- Why is she an important part of history?
- What changes did she make in her field?
How are you celebrating Women’s History Month in your library, media center, or classroom?
Let us know in the comments or tweet us with #ProQuest.
“When my mother was born, women did not have the right to vote, so we’ve come,
in really just a few generations, having to fight for the right to vote
to finally a potential woman head of state.”
–Democratic Presidential Nominee Hillary Clinton
The first efforts to achieve women’s suffrage began before the Civil War. In 1848, a group of over 300 men and women gathered in Seneca Falls, New York to hold the first women’s rights convention. It took more than 70 years for American women to eventually gain that right.
Passed by Congress on June 4, 1919, the 19th Amendment guarantees all American women the right to vote. Tennessee became the 36th state to ratify the amendment on August 18, 1920. On August 26, it was formally adopted into the Constitution by proclamation of Secretary of State Bainbridge Colby.
Though women finally achieved the right to vote, their struggle for equal representation in government has continued, and today they are still largely underrepresented in elected offices all across the nation. It took almost a full century for the first woman to be nominated for the office of president by a major political party, when Hillary Rodham Clinton secured the Democratic party’s nomination this year.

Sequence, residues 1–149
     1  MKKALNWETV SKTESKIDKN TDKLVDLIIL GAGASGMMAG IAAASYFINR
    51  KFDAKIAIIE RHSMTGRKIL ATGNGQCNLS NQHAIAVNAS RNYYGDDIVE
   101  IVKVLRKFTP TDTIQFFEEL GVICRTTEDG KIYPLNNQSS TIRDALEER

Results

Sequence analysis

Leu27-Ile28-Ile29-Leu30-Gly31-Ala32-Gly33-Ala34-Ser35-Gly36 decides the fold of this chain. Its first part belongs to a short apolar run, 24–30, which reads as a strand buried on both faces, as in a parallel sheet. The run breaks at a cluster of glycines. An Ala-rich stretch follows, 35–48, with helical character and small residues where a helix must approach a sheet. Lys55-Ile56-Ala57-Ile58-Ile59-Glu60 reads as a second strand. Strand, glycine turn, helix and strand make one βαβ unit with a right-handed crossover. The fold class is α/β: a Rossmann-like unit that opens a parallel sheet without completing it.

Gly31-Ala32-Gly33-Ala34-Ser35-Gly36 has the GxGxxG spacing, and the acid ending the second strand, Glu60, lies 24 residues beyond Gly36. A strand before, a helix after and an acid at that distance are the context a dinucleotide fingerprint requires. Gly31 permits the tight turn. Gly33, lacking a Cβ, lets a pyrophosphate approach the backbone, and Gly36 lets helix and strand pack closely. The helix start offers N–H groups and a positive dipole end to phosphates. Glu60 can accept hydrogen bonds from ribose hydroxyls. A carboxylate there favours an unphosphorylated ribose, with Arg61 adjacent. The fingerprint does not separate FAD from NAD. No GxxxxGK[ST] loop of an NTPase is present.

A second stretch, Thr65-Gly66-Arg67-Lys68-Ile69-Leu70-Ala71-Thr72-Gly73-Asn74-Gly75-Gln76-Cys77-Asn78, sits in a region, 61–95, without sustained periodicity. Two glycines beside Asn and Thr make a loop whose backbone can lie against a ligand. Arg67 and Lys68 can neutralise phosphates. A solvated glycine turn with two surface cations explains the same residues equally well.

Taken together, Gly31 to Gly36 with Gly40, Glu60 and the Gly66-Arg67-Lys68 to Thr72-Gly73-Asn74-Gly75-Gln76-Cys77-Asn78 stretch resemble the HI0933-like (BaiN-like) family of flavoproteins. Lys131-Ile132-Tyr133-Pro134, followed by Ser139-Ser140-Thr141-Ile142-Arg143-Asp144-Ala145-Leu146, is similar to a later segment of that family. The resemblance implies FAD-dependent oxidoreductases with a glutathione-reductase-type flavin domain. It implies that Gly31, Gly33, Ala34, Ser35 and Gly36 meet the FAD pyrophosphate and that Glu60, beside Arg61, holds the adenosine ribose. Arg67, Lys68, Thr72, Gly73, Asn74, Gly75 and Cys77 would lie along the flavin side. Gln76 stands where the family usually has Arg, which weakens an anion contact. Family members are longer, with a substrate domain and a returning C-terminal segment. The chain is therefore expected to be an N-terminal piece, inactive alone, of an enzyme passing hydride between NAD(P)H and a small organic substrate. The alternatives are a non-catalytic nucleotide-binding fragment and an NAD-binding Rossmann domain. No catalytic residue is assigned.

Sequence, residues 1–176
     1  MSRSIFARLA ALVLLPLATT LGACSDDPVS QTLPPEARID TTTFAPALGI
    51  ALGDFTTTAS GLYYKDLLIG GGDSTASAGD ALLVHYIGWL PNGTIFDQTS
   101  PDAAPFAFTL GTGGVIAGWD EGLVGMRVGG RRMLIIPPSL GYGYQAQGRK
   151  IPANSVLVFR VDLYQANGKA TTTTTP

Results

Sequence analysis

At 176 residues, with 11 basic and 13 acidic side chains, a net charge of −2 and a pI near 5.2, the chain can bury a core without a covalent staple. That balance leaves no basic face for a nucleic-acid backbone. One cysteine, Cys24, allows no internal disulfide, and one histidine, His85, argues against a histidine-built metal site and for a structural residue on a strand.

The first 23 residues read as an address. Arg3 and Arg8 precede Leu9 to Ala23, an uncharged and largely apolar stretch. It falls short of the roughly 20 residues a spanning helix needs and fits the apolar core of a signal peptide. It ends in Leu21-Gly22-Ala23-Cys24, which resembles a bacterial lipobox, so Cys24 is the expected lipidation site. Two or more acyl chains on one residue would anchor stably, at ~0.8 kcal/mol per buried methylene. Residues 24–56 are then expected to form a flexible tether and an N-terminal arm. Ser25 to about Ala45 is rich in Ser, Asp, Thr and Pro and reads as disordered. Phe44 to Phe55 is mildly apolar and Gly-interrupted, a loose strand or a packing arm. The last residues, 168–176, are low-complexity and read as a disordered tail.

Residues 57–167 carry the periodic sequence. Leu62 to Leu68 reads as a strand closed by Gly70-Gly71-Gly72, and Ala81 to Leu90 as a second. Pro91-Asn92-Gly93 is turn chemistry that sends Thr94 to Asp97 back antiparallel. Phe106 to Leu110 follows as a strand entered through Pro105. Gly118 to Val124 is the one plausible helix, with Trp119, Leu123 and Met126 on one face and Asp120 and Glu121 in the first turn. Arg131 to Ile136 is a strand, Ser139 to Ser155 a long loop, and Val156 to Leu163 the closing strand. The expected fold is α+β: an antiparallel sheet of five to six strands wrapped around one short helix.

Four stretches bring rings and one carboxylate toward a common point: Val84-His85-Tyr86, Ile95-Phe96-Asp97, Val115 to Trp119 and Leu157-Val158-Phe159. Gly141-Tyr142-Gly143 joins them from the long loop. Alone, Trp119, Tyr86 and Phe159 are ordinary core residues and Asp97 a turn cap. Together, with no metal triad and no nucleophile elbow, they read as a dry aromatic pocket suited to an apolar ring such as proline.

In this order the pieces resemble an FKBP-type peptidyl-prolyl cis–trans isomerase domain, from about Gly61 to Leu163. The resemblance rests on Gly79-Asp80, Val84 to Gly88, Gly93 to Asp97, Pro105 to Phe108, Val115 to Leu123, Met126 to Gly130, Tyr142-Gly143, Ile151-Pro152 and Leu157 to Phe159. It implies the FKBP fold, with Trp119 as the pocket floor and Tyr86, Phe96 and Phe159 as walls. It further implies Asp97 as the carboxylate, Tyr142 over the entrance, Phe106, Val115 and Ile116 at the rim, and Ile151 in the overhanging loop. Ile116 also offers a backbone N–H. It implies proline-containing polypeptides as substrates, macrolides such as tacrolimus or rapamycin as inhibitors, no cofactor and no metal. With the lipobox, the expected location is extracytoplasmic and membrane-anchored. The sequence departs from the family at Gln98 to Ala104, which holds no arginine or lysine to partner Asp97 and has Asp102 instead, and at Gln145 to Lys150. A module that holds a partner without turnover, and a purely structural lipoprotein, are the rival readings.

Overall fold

Below are a few more firsts by American women in government and politics:
1887: Susanna Medora Salter became the first woman elected mayor of an American town, in Argonia, Kansas.
1916: Montana Republican Jeannette Rankin carries the distinction of being the first woman elected to the U.S. Congress.
1924: Nellie Tayloe Ross of Wyoming became the Nation’s first female governor when she was elected to succeed her deceased husband, William Bradford Ross.
1932: Hattie Wyatt Caraway of Arkansas is the first woman elected to the U.S. Senate.
1933: Frances Perkins is appointed secretary of labor by President Franklin D. Roosevelt, making her the first woman to serve as a member of a U.S. presidential cabinet.